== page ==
For learning GHSOM I figured out I should study SOM as a first step.

Now, I know the basics of SOM, about weighted vectors and euclidean distances: when the human brain cannot easily process more than two dimensions of data, SOM will cluster, or in other words, map the data from high dimensions into lower ones (from this awesome link).

I found out what vertices of weights and similarity will do, but I still couldn't understand exactly how GHSOM works. I read in an essay that it works with layers of SOMs. With some examples I hope to understand it better.

Would you please tell me a proper reference for a beginner to study about it? Or can anyone explain how the algorithm works?

Thanks in advance.


1 Answer 1


A quick Google leads to a nice page at Vienna University that looks quite reasonable.

From what I can tell, the algorithm keeps track of how much error there is for each node, which is the difference between its vector and the vectors of the training data for which it won. A SOM's error is the total of the errors of its nodes.

If a SOM's error exceeds a threshold, you expand the SOM, based on how different its nodes are from each other. So areas where there are great-enough errors and great-enough differences get expanded. (You need more data points where there is something "going on".)

Once you've expanded the SOM to keep the overall error below the threshold, you then look at each node, and if its individual error is large enough, you take the subset of training data on which it won and create a sub-SOM that you train with the errors. That is, the sub-SOM is handling the differences between the parent node and the data on which it won.

That sub-SOM is trained/grown in the same way as the parent.

So the algorithm increases the extent of the SOM to allow the map to span the whole data set. It then "zooms in" on remaining troublesome nodes, increasing resolution by creating a SOM for only the training data associated with that node. You thus don't create an enormous SOM in order to get the resolution you need at a few particular clusters.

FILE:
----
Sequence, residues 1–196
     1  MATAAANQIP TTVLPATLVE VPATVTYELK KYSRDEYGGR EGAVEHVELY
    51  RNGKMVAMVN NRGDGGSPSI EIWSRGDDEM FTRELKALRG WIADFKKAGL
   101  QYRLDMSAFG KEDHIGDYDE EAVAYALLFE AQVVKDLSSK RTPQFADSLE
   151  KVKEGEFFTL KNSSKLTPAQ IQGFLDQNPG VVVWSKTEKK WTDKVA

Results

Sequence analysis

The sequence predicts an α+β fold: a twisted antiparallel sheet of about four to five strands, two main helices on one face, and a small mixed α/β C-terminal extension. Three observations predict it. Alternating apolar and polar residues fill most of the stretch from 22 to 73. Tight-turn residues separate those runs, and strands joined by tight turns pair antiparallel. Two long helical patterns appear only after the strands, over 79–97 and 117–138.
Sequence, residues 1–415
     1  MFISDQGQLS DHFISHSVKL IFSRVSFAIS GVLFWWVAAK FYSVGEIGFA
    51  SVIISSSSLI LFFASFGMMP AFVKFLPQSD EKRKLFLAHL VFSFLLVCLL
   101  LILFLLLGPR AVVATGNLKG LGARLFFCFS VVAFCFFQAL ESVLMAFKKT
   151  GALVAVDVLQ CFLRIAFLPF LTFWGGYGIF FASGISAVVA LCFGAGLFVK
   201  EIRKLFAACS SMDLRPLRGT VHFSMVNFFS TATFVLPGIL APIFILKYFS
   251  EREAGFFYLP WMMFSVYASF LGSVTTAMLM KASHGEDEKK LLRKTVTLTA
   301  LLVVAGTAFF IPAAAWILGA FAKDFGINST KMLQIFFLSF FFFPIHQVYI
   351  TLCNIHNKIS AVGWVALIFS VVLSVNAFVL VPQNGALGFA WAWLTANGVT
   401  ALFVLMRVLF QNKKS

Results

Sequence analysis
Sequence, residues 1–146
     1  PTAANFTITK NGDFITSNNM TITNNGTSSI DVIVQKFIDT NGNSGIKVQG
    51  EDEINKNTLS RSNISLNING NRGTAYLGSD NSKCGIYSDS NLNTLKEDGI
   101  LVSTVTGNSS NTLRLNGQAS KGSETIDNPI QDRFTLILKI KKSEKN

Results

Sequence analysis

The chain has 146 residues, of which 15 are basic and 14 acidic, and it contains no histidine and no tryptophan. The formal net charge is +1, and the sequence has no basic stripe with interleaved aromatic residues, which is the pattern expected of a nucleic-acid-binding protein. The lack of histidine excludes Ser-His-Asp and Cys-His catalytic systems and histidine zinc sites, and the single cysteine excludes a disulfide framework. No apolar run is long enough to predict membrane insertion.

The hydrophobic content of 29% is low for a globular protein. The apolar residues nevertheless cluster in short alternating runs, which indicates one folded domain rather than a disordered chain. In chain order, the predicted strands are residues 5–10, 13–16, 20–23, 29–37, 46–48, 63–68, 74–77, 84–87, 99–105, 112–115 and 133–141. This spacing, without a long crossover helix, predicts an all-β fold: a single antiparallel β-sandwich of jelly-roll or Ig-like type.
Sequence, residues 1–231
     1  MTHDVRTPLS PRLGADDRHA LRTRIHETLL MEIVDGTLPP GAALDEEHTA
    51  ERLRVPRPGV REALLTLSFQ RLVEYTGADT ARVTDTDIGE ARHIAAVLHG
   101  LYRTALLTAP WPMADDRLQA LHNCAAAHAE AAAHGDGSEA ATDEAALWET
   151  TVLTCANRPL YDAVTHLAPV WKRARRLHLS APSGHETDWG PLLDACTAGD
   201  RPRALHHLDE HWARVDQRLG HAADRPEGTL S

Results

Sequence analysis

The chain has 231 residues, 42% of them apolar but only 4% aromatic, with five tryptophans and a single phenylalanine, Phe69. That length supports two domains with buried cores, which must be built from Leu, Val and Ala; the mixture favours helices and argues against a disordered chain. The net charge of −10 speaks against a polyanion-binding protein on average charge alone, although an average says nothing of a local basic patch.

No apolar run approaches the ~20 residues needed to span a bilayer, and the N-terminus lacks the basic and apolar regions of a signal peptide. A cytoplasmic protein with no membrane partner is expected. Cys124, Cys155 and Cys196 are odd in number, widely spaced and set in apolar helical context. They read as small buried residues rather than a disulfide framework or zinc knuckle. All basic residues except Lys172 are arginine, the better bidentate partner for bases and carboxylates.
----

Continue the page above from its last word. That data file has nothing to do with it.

At least that's how it reads to me. I like it.

  • $\begingroup$ Thank you so much before asking my question I read this web site but I couldn't understand the whole now it is more clear to me but I have many problems suppose I have a special data x,I want explore datas a,b,c,d to find out which ones is closest ok I computed the deviation and refering to mq0 the value of d=4 then I computed eq0 but I can't understand this statement "This first layer map initially consists of a rather small number of units" what is happening here? $\endgroup$
    – Nickool
    Nov 16, 2011 at 16:43
  • $\begingroup$ @nik: I'm not sure what your x, a, b, c, d, stand for. Are a-d training data and x is a query against a trained SOM, or is x a fifth piece of training data? Or something else? $\endgroup$
    – Wayne
    Nov 16, 2011 at 18:01
  • $\begingroup$ x can be BMU or cluster center.if I didn't explain my problem correctly would you please explain the mq0 which will cause reducing the size here? Thanks $\endgroup$
    – Nickool
    Nov 17, 2011 at 6:13

Your Answer

By clicking “Post Your Answer”, you agree to our terms of service and acknowledge you have read our privacy policy.

Not the answer you're looking for? Browse other questions tagged or ask your own question.